Figure 1

Middle School KPREP Reading for Whites and Blacks w Gaps to 2017

As you can see, the proficiency rates in reading for both whites and blacks have improved, but the whites have made more progress. As a result, Kentucky’s 2017 middle school reading achievement gap is larger than for any earlier year.

Furthermore, fewer than one in three black middle school students is reading at the proficient level as of 2017, which I must remind some is 27 years after the Kentucky Education Reform Act of 1990 (KERA) was passed with promises to deal with this problem.

Now, Figure 2 shows the middle school math situation.

Figure 2

Middle School KPREP Math for Whites and Blacks w Gaps to 2017

Figure 2 clearly tells a much more sobering picture for math than the rather somber gap story in Figure 1 for reading. First, both white and black scores either went stagnant or into decline in 2017. That isn’t what Common Core promised us.

The gap situation is also problematic. The most recent gap is the highest ever since KPREP math testing began in the 2011-12 school term. That for sure isn’t what Common Core and KERA promised, either.

Given that scarcely more than one out of two white middle schoolers in Kentucky is proficient in math and less than one out of four black students passed muster on the KPREP, these faltering results for 2017 are particularly unsatisfactory. With foreign competition lining up to swamp our kids if we don’t get them much better educated, Kentucky cannot afford to allow such meager performance and slow rates of progress to continue.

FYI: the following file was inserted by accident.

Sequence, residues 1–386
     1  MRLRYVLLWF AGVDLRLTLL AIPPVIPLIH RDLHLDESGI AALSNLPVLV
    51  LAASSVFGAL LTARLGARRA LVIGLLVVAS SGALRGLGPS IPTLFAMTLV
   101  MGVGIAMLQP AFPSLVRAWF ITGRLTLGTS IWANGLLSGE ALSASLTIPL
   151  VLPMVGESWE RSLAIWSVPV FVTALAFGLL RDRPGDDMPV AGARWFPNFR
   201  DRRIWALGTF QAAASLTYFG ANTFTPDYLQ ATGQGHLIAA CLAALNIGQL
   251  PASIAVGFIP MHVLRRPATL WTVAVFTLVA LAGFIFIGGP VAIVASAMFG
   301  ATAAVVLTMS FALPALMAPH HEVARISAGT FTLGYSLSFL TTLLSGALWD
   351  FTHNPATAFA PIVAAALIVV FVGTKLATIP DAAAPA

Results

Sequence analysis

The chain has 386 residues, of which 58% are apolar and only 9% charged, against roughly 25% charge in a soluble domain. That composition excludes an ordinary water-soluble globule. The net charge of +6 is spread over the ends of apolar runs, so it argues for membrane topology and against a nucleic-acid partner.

Technical Information:

All scores in Figures 1 and 2 came from the Kentucky School Report Cards for the state for the years listed. The specific data came from the Data Sets section, ASSESSMENT_KPREP_LEVEL link.

Elementary School KPREP achievement gaps for white minus black scores getting worse

The new KPREP results for the 2017 test administration are now loaded in the Kentucky School Report Cards Database, so I took a look at how the latest elementary school level achievement gaps for white minus black proficiency rates in math and reading look.

The simple answer to my question is: very disappointing.

In fact, for elementary school blacks, their reading proficiency rate as of 2017 has now sunk below the level for the state’s students with learning disabilities. That’s just not acceptable.

[Read more…]

Quote of the day

“It is time for Kentucky to end the continued self-congratulations about how much progress we have made educationally since the days of KERA. We must acknowledge that student learning and performance across our state is far from what it needs to be if our children are to have a chance at success in the 21st-century economy, and to compete in future job markets with students from other states.”

Hal Heiner, Secretary of the Kentucky Education and Workforce Development Cabinet
Lexington Herald-Leader Op-Ed